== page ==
Jephthah Aireankhue Setonji Ivan Ohiomokhare
He was born on June 28, 2001, weighing 2.8 kg, and by the time he was six months old, he was diagnosed with the sickle cell anemia. From then, the struggle for survival began. And though for 15 years and eight months, he was permanently going in and out of the hospital, he was determined to fight the illness to a standstill.
However, on February 4, 2017, he finally succumbed to the cold hands of death after sadly telling his mother he could no longer bear the pain.
That is the story of Jephthah Aireankhue Setonji Ivan Ohiomokhare, one of the many Nigerian children, who have had to contend with the pains associated with sickle-cell anemia.
Jeph, as fondly called by her mother, was different from other sickle cell sufferers. Unlike the usual lean physical frame, weak bones and sometimes protruding stomach, Jephthah was stronger than usual. He could engage his mates in arms wrestling, walk on his arms, lift weight and would not tolerate being exempted from endurance trek and such arduous physical tasks by the school.
He also talked freely about his condition and was never ashamed of it.
And it was only his frequent absence from classes due to constant crises that gave him away as a sickle cell sufferer, as his physical features indicated otherwise.
He was said to have told his parents once that he was glad he was the one with the condition in the family, as he wasn’t sure if his siblings would have been able to withstand the excruciating pain. But along the line, he gave up the fight, as he bluntly told his mother few hours before breathing: “Mama, I can no longer deal with the pain.”
At a valedictory service in his honor in Abuja recently, those who had had cause to interact with him painted glowing memories of their encounter. He meant different things to different people.
While to some, he was a hero, to others, he was a mentor.
Some people said he was an adviser and a role model to others. All these attributes came from his classmates and those older than him, and whom he had had contact with within three years.
Students of The Nigerian Army Officers’ Wives Association (NAOWA) College Abuja, where Jephthah was a student, narrated how he impacted their lives in the few years they were together.
Gold Hambolu, Chidera Okorie and Tamara-Kuru Agama are some Of Jephthah’s close associates and classmates, who spoke glowingly about him. To them, there can never be another of his type.
The parents of their hero, Emmanuel and Senami Ohiomokhare, both staff of the Africa Independent Television (AIT), announced a foundation in memory of their son at the valedictory service.
The Jephthah Ohiomokhare Foundation will provide support for children suffering from the sickle cell anemia disease. It will also channel research into discovering whether, indeed, herbs can be of help in the treatment of the disease.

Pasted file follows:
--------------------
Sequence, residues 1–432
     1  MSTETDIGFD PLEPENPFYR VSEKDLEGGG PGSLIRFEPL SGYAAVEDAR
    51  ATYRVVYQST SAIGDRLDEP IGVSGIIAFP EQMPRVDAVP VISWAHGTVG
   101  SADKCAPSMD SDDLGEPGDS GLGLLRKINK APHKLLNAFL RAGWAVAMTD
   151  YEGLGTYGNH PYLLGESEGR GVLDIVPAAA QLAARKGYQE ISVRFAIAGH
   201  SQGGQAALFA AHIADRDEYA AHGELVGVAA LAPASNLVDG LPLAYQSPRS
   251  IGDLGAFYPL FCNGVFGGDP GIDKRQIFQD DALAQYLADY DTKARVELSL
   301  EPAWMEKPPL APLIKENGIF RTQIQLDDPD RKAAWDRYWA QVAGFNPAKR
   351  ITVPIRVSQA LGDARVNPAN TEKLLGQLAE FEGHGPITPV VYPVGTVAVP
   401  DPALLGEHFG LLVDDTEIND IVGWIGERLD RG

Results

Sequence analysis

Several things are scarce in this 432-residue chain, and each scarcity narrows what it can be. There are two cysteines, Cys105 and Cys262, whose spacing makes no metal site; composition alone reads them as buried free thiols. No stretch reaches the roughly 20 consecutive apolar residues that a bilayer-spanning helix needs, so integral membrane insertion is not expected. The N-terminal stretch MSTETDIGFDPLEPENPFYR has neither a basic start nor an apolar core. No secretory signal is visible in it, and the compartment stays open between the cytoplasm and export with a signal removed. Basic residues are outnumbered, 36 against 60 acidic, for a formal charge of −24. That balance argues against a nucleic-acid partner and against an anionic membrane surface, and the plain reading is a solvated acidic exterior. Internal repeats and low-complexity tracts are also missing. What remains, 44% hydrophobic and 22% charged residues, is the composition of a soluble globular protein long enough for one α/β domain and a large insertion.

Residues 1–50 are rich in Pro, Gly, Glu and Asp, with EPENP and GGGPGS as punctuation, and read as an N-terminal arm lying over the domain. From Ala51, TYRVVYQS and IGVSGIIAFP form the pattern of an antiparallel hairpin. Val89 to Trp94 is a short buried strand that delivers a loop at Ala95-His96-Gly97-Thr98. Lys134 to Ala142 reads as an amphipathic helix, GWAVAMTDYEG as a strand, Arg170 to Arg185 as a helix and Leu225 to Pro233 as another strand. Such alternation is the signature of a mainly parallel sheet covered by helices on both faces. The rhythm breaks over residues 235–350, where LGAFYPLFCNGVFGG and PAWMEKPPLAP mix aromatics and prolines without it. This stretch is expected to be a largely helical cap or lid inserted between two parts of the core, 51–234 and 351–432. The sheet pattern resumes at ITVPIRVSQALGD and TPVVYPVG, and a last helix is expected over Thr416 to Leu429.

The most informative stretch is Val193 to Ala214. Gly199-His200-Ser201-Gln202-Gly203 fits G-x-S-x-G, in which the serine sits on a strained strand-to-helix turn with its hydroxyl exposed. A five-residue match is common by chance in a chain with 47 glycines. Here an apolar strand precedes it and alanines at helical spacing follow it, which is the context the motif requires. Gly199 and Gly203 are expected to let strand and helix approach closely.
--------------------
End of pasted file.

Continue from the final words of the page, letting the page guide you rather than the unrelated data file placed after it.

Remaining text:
The foundation will also engage in an annual essay writing competition among teenagers with the focus on sickle cell anemia.
The official launch of the foundation will be done on Jeph’s birthday.
His father said the foundation is basically to begin a research and follow up on those who are into herbal medicine and see whether there can be a possible cure for sickle cell, adding that Nigeria needs a cure for sickle cell.
The foundation will also explore the ability to write, as Jephthah loved writing. So, this will birth a start-up of a writing competition for teens aged 13 and 17. The idea, he said, is to encourage youth to freely discuss the topic in their day-to-day interactions.
The formal launch of the foundation is slated for June 28, when Jephthah would have been 16.
He said: “The core of the foundation will be to reach out to parents, who are struggling with children living with sickle cell anemia. We intend to investigate perceived cure with the help of partners, while also drawing government’s attention to such claims.
“Because we have come to understand that Nigerians do not like to read, particularly lengthy text, we hope to make available legible, simple and easy to digest write-ups that will encourage young people to begin to make sickle cell anemia a point of conversation at a first or even second meeting.
“By this, I mean after the initial hellos and exchange of phone numbers, people should become so aware that they are comfortable by their third or fourth meeting to ask: “What’s your genotype?” Cures may be available, but isn’t it said that prevention is better than cure? No child should have to live with the pains of sickle cell anemia, talk less of dying from it.”
This article was first published here. To continue reading the full article about Jeph and the Jephthah Ohiomokhare foundation, click here.
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